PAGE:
Ultrahigh-pressure minerals and metamorphic terranes - The view from China

J. G. Liou, W. G. Ernst, R. Y. Zhang, T. Tsujimori, B. M. Jahn

Research output: Contribution to journalArticlepeer-review

301 Citations (Scopus)


Ultrahigh-pressure (UHP) metamorphism refers to mineralogical modifications of continental and oceanic crustal protoliths ± associated mafic-ultramafic rocks initially formed or emplaced in shallow levels of the lithosphere, but which subsequently have experienced P-T conditions within or above the coesite stability field (>∼2.7 GPa, ∼700 °C). Typical products include eclogite, garnet peridotite, and UHP varieties of metapelite, quartzite, marble, paragneiss, and orthogneiss. UHP metamorphic assemblages require relatively cold lithospheric subduction to mantle depths; some recrystallization even occurs under "forbidden" P-T conditions, characterized by a geotherm of <5 °C/km. In appropriate bulk compositions, UHP metamorphism produces coesite, microdiamond and other indicator phases such as majoritic garnet, TiO2 with α-PbO2 structure, supersilicic clinopyroxene, high-P clinoenstatite, K-cymrite and stishovite. Globally, at least 20 coesite-bearing eclogitic, eight diamond-bearing, and five majoritic garnet-bearing UHP regions have been documented thus far; they are mostly of Phanerozoic ages. The presence of majoritic garnet, and even apparent stishovite pseudomorph in supracrustal rocks suggests continental subduction to mantle depths exceeding 300 km; such UHP metamorphic terranes should be distinguished from deep-seated mantle xenoliths that contain UHP minerals. Cold subduction zones may be sites of major recycling of H2O back into the mantle; high-P experiments on mafic-ultramafic bulk compositions reveal that many important hydrous and formally anhydrous phases are stable under such UHP conditions. The current explosion of research on continental UHP terranes reflects their significance for mantle dynamics and the tectonics of continental subduction, collision, exhumation, mantle-slab interactions, and geochemical recycling. A further characterization of UHP phases and positive identification of UHP minerals requires new experimental studies coupled with state-of-the-art analyses. For example, the very rare occurrence of microdiamond inclusions in zircons from Dabie-Sulu UHP rocks may reflect high fO2 attending recrystallization inasmuch as epidote is rather common. Rutile needles within garnets from Sulu UHP eclogitic rocks may not be the result of exsolution, so in such cases the apparent UHP pressure may have been over estimated. Hadean igneous microdiamond inclusions in Jack Hills detrital zircons could have originated from mantle xenoliths whereas abundant detrital Phanerozoic diamonds containing inclusions of coesite and other eclogitic minerals from New South Wales might have been derived from unexposed UHP metamorphic terranes. Micro-mineral intergrowth and nano-size minerals may hold important key to deciphering the actual P-T paths of subduction and mantle return flow. Although most exhumed terranes have returned surfaceward relatively rapidly after short time of UHP condition, the long duration of storage at great depth and slow exhumation for the largest UHP terranes remain as major problems.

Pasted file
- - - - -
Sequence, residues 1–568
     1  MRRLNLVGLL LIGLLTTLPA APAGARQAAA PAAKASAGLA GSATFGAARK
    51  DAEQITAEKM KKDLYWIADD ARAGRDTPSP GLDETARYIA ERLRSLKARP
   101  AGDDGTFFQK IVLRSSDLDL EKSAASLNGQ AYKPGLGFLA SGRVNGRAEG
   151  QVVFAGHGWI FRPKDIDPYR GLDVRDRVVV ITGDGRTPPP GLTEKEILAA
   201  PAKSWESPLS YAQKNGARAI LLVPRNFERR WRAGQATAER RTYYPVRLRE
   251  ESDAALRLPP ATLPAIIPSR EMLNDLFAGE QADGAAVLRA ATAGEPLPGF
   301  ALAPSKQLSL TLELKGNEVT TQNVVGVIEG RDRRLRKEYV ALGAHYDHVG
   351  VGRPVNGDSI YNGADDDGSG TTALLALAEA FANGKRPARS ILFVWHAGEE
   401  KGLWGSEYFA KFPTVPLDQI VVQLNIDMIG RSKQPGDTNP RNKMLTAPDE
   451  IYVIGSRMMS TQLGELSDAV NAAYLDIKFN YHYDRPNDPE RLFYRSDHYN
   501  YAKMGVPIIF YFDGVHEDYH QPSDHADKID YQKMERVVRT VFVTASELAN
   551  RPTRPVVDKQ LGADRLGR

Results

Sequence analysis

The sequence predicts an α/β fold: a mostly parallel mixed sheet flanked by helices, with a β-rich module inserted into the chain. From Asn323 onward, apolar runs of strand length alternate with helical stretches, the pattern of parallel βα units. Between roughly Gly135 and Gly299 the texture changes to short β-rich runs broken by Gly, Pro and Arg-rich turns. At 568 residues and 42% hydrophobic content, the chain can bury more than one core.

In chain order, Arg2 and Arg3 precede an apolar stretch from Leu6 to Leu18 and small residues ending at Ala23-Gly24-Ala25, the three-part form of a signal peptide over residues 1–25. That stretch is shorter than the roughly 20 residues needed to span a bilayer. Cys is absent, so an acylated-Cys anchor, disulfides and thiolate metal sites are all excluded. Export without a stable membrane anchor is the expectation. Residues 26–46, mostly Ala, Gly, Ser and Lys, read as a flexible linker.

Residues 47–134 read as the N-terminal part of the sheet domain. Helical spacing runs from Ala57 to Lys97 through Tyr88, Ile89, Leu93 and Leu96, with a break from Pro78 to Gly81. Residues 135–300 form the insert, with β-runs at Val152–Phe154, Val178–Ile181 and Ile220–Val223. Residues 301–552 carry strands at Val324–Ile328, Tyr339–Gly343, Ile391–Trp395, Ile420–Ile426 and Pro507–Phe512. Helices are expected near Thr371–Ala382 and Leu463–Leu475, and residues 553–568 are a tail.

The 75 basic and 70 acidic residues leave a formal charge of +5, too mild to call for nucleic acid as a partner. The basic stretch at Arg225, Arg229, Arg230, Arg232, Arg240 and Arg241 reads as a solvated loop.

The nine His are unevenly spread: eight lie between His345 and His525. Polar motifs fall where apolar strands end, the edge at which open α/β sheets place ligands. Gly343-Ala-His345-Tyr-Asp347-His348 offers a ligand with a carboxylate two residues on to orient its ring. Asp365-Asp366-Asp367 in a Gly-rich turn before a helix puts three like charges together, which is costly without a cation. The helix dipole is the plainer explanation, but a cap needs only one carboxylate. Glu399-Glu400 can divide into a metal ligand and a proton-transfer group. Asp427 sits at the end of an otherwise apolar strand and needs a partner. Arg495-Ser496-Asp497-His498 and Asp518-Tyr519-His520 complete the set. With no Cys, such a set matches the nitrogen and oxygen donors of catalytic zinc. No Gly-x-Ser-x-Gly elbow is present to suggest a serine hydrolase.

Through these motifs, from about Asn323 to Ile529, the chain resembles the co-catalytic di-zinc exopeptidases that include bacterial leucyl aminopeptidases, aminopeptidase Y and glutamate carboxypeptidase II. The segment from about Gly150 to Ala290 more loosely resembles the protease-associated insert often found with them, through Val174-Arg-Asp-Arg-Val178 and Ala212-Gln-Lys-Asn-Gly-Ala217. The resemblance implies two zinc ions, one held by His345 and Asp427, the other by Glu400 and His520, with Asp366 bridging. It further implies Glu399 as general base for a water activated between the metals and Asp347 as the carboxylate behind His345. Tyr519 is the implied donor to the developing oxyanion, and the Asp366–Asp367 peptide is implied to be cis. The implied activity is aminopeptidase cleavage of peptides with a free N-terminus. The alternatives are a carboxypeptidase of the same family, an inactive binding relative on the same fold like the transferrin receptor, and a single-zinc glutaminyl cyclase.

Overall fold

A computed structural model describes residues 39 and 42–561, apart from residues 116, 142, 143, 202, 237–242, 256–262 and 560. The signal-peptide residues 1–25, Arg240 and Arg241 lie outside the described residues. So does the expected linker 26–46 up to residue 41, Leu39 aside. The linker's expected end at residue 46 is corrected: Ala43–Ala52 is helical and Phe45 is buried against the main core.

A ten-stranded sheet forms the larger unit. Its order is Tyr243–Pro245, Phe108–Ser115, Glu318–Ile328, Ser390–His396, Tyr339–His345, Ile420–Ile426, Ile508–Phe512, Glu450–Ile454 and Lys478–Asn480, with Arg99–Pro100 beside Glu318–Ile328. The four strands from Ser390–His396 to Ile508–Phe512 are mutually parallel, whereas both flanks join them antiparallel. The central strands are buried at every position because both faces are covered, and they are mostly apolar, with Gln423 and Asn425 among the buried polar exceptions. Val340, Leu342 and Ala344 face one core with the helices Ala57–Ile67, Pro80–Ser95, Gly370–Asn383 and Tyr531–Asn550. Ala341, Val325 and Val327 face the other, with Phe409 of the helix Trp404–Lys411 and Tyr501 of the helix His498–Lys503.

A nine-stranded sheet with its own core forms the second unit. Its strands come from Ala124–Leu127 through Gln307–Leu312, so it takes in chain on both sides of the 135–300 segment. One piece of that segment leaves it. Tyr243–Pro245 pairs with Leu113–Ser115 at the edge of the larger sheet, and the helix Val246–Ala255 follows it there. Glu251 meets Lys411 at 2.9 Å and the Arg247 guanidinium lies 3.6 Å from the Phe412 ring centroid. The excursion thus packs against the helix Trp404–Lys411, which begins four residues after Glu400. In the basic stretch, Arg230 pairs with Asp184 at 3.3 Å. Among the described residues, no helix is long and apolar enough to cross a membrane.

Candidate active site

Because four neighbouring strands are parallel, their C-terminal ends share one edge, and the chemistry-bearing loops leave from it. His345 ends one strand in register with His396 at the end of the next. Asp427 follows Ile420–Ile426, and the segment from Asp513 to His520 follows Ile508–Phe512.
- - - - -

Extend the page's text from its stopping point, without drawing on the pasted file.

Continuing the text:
Original languageEnglish
Pages (from-to)199-231
Number of pages33
JournalJournal of Asian Earth Sciences
Issue number3-4
Publication statusPublished - Jul 1 2009
Externally publishedYes


  • Garnet peridotite
  • Global UHP terranes
  • Majoritic garnet
  • Microdiamond
  • SHRIMP U-Pb ages
  • Sulu

ASJC Scopus subject areas

  • Geology
  • Earth-Surface Processes


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